Posts Tagged: Summer 2017

Marie Watt, Blanket Stories: Transportation Object, Generous Ones, Trek, 2014, cast bronze, 18 x 4 x 6 ft. (5.49 x 1.22 x 1.83 m). 
Permanent installation, Tacoma Art Museum, Tacoma, Washington (artwork © Marie Watt; photograph by Benjamin Benschneider/OTTO)

“Transportation object” is the term used to classify cradleboards at the Smithsonian National Museum of the American Indian. “Generous ones” acknowledges Tacoma’s indigenous inhabitants, the Puyallup and Coast Salish People. The name Puyallup or S’Puyalupubsh means “generous and welcoming behavior to all people (friends and strangers) who enter our lands.” “Trek” reflects on slow journeys, as well as the dynamic confluence and exchange that is a part of migrating and settling. To read the stories associated with the donated blankets, see http://blanketstories.tacomaartmuseum.org, as of June 5, 2017.

In Conversation with Marie Watt: A New Coyote Tale

By Marie Watt

Marie Watt first encountered Joseph Beuys’s work as a college student studying abroad. While working on an MFA at Yale, she wrote a reflection on the artist’s I Like America and America Likes Me from the perspective of Coyote, for a course taught by the art historian Romy Golan.

Marie Watt, Blanket Stories: Transportation Object, Generous Ones, Trek, 2014, cast bronze, 18 x 4 x 6 ft. (5.49 x 1.22 x 1.83 m). 
Permanent installation, Tacoma Art Museum, Tacoma, Washington (artwork © Marie Watt; photograph by Benjamin Benschneider/OTTO)

“Transportation object” is the term used to classify cradleboards at the Smithsonian National Museum of the American Indian. “Generous ones” acknowledges Tacoma’s indigenous inhabitants, the Puyallup and Coast Salish People. The name Puyallup or S’Puyalupubsh means “generous and welcoming behavior to all people (friends and strangers) who enter our lands.” “Trek” reflects on slow journeys, as well as the dynamic confluence and exchange that is a part of migrating and settling. To read the stories associated with the donated blankets, see http://blanketstories.tacomaartmuseum.org, as of June 5, 2017.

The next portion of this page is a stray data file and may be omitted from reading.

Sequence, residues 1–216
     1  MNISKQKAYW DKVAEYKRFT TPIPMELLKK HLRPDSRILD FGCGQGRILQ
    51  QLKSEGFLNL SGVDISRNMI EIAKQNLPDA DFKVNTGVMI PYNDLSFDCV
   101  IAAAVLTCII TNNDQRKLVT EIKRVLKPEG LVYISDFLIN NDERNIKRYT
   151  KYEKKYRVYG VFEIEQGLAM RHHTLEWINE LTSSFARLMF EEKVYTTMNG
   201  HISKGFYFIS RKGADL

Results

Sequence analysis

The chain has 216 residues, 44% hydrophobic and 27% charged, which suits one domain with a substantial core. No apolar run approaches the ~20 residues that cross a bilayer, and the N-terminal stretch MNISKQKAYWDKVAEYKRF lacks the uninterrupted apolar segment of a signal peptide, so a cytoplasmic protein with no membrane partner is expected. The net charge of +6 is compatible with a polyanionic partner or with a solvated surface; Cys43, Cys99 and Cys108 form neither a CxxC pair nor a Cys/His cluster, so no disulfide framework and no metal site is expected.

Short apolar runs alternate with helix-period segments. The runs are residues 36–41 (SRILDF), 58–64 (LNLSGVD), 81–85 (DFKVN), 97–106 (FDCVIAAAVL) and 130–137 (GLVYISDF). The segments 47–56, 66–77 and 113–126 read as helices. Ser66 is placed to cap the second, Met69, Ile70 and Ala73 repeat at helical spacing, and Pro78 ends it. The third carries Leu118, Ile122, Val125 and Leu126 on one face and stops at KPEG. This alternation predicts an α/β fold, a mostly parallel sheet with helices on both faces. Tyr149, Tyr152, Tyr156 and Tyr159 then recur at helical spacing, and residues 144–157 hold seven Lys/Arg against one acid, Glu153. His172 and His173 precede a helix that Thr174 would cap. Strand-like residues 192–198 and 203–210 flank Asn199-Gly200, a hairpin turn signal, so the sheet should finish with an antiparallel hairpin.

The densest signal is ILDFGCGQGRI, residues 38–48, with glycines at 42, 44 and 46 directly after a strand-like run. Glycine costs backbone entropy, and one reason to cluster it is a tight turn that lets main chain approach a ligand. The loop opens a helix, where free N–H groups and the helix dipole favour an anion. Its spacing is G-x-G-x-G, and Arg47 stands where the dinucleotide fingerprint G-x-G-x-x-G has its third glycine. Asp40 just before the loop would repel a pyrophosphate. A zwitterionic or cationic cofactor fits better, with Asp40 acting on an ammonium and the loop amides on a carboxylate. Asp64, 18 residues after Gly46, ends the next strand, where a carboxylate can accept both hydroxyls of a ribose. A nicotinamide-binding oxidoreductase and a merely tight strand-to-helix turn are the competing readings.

In Conversation with Marie Watt: A New Coyote Tale

By Marie Watt

Marie Watt first encountered Joseph Beuys’s work as a college student studying abroad. While working on an MFA at Yale, she wrote a reflection on the artist’s I Like America and America Likes Me from the perspective of Coyote, for a course taught by the art historian Romy Golan.

Hélio Oiticica: To Organize Delirium

How to Organize Delirium?

By Camila Maroja

Camila Maroja reviews the exhibition and catalogue, Hélio Oiticica: To Organize Delirium.

Hélio Oiticica: To Organize Delirium

How to Organize Delirium?

By Camila Maroja

Camila Maroja reviews the exhibition and catalogue, Hélio Oiticica: To Organize Delirium.

Art Journal, Spring 2017. Cover: Postcommodity, Repellent Fence, 2015, installation view  (artwork © Postcommodity; photograph by Michael Lundgren provided by Postcommodity).

2017: Indigenous Futures

By Kate Morris and Bill Anthes

On November 15, 2016, a “National Day of Action,” demonstrators in cities from Los Angeles to New York took to the streets in support of the efforts of the Standing Rock Sioux to block construction of the Dakota Access oil pipeline (DAPL). According to tribal leaders, the presence of the pipeline constitutes a dire threat to the tribe’s water supply, and will desecrate scores of sacred, historical, and cultural sites along its intended 1,172-mile route.

Art Journal, Spring 2017. Cover: Postcommodity, Repellent Fence, 2015, installation view  (artwork © Postcommodity; photograph by Michael Lundgren provided by Postcommodity).

2017: Indigenous Futures

By Kate Morris and Bill Anthes

On November 15, 2016, a “National Day of Action,” demonstrators in cities from Los Angeles to New York took to the streets in support of the efforts of the Standing Rock Sioux to block construction of the Dakota Access oil pipeline (DAPL). According to tribal leaders, the presence of the pipeline constitutes a dire threat to the tribe’s water supply, and will desecrate scores of sacred, historical, and cultural sites along its intended 1,172-mile route.